I also set up a ‘canopy’ using the blanket, which blocked out the light when the crew were in the middle of the service. Remember to request a baby meal or child meal if your airline provides them or bring your own. It is only pureed jars, so if that is not suitable do bring your own food.
Baby meals are pureed food in jars and child meals are usually kiddie treats like chicken nuggets, or cheesy pasta etc.
The crew were especially helpful as they could see I was travelling on my own, as were other passengers. I also found this on the internal South African Airways flight.
Here is a little extra information to master flying solo with children. For general flying with a baby tips with LOTS of detail, see here.
Top Tips For Flying Alone With Baby
- Aim for a night flight; preferably just before their bedtime and try to keep to a bedtime routine as much as possible.
- Try and get your baby to sleep in you arms before placing in bassinet, particularly if your baby is looking like they will only just fit in the bassinet. Miss A only just fitted into the Virgin sky cot, and because it had a harness, she couldn’t move and consequently was a bit of a grump.
- However both Virgin and Qantas allow a baby to stay in the bassinet during any light turbulence, which is obviously very beneficial if you are flying solo. The blanket over the seat like a canopy worked a treat too. This would also help a toddler in their own seat avoid the brightness of any cabin lights.
- A baby carrier is ESSENTIAL when travelling on your own with a baby, and enabled me to navigate steps and buses whilst in transit in Jo’burg as well as my hand-luggage and baby bag. Fellow passengers do help you too.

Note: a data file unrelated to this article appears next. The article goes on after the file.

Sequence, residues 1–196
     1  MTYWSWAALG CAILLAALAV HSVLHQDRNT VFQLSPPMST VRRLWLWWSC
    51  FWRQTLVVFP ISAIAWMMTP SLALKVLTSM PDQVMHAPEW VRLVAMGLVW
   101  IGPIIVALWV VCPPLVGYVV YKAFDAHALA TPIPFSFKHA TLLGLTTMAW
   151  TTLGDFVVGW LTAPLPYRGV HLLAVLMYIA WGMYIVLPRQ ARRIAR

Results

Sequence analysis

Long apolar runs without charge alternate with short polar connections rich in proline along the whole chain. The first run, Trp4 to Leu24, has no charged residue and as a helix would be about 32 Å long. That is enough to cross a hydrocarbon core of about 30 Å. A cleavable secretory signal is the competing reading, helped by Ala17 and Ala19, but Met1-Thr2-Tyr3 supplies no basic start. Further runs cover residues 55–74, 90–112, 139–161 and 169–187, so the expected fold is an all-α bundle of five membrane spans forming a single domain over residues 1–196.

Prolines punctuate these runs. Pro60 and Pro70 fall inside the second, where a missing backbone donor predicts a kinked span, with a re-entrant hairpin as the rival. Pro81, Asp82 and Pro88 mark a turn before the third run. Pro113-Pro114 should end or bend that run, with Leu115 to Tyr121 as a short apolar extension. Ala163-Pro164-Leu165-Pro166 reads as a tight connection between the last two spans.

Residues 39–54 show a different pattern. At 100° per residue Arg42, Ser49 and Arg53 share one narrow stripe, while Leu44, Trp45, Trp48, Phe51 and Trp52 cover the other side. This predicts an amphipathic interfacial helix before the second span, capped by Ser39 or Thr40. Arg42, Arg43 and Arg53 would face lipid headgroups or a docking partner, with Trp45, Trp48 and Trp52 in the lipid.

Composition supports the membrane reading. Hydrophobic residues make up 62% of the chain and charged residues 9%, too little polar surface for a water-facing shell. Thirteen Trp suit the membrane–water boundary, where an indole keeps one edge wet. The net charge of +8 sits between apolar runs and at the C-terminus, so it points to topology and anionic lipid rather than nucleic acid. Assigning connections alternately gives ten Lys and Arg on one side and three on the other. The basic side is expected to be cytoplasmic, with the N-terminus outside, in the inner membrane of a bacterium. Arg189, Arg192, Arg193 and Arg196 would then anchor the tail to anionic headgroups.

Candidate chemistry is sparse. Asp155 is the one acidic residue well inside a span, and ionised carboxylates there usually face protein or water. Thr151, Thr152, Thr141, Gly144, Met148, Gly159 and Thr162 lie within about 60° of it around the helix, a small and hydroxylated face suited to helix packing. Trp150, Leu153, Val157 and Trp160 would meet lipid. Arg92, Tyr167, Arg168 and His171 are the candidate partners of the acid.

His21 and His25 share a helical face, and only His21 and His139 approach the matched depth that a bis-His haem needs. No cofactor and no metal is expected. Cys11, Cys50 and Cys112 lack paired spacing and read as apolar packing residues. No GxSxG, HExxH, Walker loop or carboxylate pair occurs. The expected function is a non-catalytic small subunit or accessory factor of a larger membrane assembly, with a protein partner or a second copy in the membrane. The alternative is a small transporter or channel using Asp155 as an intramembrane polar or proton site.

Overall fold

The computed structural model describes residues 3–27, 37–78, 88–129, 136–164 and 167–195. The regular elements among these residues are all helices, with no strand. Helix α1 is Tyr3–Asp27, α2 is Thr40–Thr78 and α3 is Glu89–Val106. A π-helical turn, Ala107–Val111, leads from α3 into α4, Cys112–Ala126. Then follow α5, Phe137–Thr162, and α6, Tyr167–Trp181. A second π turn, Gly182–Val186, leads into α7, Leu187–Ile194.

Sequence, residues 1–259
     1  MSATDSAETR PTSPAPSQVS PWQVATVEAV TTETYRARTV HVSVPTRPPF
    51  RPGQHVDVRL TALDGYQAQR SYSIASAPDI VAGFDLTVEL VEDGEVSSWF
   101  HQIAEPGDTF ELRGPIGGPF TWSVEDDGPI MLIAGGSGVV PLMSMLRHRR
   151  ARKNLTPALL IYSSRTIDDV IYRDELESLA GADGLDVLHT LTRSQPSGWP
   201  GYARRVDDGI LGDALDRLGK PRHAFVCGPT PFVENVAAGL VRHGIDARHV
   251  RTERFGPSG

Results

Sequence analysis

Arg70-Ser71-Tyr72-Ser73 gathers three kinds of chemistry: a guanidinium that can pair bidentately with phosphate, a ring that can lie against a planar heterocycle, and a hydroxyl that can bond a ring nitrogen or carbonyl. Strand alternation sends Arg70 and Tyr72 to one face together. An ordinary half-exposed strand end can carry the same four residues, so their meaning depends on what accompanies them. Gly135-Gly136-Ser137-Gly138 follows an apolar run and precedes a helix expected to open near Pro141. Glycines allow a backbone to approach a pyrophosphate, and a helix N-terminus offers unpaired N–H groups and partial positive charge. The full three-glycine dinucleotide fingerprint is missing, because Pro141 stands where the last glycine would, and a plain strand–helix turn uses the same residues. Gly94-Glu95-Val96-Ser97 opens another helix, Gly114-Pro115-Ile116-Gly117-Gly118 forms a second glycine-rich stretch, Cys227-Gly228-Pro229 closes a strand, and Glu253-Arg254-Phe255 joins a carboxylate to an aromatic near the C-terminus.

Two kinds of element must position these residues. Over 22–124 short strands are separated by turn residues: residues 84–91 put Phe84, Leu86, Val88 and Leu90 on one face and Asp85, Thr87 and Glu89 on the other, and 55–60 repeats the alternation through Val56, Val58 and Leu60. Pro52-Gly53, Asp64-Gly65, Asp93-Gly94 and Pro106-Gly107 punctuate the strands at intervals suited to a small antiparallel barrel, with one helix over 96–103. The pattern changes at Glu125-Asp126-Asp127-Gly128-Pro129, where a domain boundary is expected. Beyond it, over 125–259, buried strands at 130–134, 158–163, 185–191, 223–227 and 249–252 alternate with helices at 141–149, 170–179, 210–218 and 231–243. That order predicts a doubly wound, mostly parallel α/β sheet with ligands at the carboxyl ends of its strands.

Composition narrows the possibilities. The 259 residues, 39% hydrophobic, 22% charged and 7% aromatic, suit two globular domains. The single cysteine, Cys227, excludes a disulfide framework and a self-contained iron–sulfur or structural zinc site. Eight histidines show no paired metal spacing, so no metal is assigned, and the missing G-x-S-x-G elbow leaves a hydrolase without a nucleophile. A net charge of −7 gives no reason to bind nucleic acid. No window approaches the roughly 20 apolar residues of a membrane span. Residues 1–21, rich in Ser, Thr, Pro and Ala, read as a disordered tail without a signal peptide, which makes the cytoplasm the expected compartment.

- Ask the flight attendant to keep a watchful eye over your baby if you need to use the facilities. They are usually happy to do so.
- If your itinerary allows it, consider Gulf Air who provide FREE sky nannies in all classes on long haul flights. They will help entertain the kids and provide help with boarding and disembarking the aircraft. They will not look after your child like a traditional nanny though. Sadly, Etihad, have stopped this service.
- Consider using a back pack for your hand luggage, and if flying with slightly older children who are in their own seat, a back pack is also easy to squash under the seat. Plus it is one less thing for you to carry when flying solo or as a single parent.
- If you are flying with children slightly older- consider choosing your seats carefully. A bit of forward thinking could be very beneficial!
- Look at the airport or airline site, and see if they offer any service to help you. Many offer a meet and greet service which provides an extra set of hands to help you through the airport.
- DO not worry what other people think. Some other passengers may look at you as you board as they are worried about a baby crying, but honestly, most people were super helpful.
Airport Transit With A Baby
Transiting was fairly easy, as I had my baby carrier in my carry-on – so I just used that until we had boarded our next flight. Fellow passengers were very helpful from the gate to the plane, as we had steps to navigate.
Flying with more than one infant solo.
- Q. I have twins and I’m the only adult flying. Can I fly solo with two infants under two? What are my options?
- A You can either purchase a seat for both and use an airline approved car seat or have one infant as lap baby and one in a car seat.
I hope these tips help? Flying alone with a baby was much better than I thought it would be, but I was pretty terrified at the initial thought! If you need some more help, this detailed bumper guide of all my best tips and resources on flying with a baby will help too.